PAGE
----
pilot's license. Several more months of training yielded him a commercial pilot
certificate, issued by the Federal Aviation Administration (FAA) in April 1999.
He then returned to Saudi Arabia.
Hanjour reportedly applied to the civil aviation school in Jeddah after
returning home, but was rejected. He stayed home for a while and then told
his family he was going to the United Arab Emirates to work for an airline.
Where Hanjour actually traveled during this time period is unknown. It is pos-
sible he went to the training camps in Afghanistan.
The fact that Hanjour spent so much time in Arizona may be significant.A
number of important al Qaeda figures attended the University of Arizona in
Tucson or lived in Tucson in the 1980s and early 1990s.
Some of Hanjour's
known Arizona associates from the time of his flight training in the late 1990s
have also raised suspicion.
FBI investigators have speculated that al Qaeda may
have directed other extremist Muslims in the Phoenix area to enroll in avia-
tion training. It is clear that when Hanjour lived in Arizona in the 1990s, he
associated with several individuals holding extremist beliefs who have been the
subject of counterterrorism investigations. Some of them trained with Han-
jour to be pilots. Others had apparent connections to al Qaeda, including train-
ing in Afghanistan.
By the spring of 2000, Hanjour was back in Afghanistan.According to KSM,
Hanjour was sent to him in Karachi for inclusion in the plot after Hanjour was
identified in al Qaeda's al Faruq camp as a trained pilot, on the basis of back-
ground information he had provided. Hanjour had been at a camp in
Afghanistan for a few weeks when Bin Ladin or Atef apparently realized that
he was a trained pilot; he was told to report to KSM, who then trained Han-
jour for a few days in the use of code words.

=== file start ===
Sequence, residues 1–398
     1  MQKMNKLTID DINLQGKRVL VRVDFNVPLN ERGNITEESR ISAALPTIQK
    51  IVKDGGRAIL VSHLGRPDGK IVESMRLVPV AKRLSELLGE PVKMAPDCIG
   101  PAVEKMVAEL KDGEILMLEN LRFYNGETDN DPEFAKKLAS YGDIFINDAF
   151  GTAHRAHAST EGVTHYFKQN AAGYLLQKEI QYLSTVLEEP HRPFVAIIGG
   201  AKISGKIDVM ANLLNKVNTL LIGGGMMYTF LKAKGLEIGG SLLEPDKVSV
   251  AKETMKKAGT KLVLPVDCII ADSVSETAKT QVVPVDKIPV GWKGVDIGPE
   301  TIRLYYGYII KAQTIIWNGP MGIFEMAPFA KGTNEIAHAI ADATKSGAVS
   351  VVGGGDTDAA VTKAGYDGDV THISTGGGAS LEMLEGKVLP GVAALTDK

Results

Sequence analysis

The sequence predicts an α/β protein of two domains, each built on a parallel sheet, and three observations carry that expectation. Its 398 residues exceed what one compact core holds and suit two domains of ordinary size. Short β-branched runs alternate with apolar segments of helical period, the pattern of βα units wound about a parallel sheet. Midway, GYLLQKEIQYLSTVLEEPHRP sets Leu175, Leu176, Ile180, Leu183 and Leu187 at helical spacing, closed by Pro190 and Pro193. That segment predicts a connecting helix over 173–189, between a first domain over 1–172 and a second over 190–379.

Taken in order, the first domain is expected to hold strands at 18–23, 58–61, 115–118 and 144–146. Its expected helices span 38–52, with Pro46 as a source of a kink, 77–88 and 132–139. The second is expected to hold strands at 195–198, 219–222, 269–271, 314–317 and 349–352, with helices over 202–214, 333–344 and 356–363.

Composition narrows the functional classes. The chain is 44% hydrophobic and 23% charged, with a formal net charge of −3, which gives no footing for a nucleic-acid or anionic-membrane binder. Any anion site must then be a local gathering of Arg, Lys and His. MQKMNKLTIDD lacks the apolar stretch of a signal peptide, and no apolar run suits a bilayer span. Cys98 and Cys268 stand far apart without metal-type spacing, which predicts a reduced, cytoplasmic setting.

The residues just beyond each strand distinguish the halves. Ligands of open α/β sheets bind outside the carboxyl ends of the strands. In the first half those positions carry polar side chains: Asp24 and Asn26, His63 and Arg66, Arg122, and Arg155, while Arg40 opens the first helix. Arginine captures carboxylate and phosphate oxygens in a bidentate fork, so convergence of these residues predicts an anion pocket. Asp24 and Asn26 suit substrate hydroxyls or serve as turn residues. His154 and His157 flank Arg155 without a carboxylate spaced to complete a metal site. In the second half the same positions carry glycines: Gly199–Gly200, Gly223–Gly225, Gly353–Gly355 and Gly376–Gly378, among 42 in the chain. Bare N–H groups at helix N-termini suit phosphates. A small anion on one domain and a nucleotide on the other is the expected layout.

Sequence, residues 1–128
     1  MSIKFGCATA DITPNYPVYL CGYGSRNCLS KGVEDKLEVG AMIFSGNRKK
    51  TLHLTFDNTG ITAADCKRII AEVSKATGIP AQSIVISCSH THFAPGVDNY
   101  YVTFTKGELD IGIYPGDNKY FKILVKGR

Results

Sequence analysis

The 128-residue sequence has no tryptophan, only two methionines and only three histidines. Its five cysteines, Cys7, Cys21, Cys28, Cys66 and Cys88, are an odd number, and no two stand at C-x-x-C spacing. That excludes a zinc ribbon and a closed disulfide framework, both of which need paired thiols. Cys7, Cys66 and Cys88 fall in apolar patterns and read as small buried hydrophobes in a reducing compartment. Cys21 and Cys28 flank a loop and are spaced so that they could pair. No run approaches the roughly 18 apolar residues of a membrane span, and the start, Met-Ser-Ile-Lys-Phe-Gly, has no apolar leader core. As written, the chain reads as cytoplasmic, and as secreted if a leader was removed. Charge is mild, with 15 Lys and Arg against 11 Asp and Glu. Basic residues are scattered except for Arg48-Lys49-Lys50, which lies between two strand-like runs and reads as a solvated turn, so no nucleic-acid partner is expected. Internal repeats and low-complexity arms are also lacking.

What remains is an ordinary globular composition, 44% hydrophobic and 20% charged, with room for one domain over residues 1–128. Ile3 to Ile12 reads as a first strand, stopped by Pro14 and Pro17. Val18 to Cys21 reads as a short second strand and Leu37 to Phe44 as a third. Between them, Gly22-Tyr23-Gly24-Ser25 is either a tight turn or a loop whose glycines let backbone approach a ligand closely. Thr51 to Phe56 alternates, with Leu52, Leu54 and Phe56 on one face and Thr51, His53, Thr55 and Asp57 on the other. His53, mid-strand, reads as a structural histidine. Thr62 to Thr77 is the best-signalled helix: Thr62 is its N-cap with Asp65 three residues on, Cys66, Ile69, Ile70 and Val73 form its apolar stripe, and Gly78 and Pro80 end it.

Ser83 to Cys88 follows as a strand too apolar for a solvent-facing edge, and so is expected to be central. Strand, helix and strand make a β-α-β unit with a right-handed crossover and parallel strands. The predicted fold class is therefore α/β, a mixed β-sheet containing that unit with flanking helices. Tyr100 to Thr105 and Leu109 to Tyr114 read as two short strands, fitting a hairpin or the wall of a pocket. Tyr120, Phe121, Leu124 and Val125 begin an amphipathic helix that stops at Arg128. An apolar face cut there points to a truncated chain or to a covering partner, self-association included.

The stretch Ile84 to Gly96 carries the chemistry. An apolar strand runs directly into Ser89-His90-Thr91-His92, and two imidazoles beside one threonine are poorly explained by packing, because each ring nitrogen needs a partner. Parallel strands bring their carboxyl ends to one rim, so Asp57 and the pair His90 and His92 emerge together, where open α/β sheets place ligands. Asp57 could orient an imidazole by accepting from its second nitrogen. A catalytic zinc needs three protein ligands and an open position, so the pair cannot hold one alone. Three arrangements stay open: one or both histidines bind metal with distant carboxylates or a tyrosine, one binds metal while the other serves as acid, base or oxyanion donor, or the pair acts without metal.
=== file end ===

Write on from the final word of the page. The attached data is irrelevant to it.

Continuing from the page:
On June 20, Hanjour returned home to Saudi Arabia. He obtained a U.S.
student visa on September 25 and told his family he was returning to his job
in the UAE. Hanjour did go to the UAE, but to meet facilitator Ali Abdul
Ali opened a bank account in Dubai for Hanjour and providing the initial
funds for his trip. On December 8, Hanjour traveled to San Diego. His supposed
destination was an English as a second language program in Oakland, Califor-
nia, which he had scheduled before leaving Saudi Arabia but never attended.
Instead, as mentioned earlier, he joined Nawaf al Hazmi in San Diego.
Hazmi and Hanjour left San Diego almost immediately and drove to Ari-
zona. Settling in Mesa, Hanjour began refresher training at his old school,Ari-
zona Aviation. He wanted to train on multi-engine planes, but had difficulties
because his English was not good enough.The instructor advised him to dis-
continue but Hanjour said he could not go home without completing the
training. In early 2001, he started training on a Boeing 737 simulator at Pan
Am International Flight Academy in Mesa.An instructor there found his work
well below standard and discouraged him from continuing.Again, Hanjour per-
THE 9/11 COMMISSION REPORT
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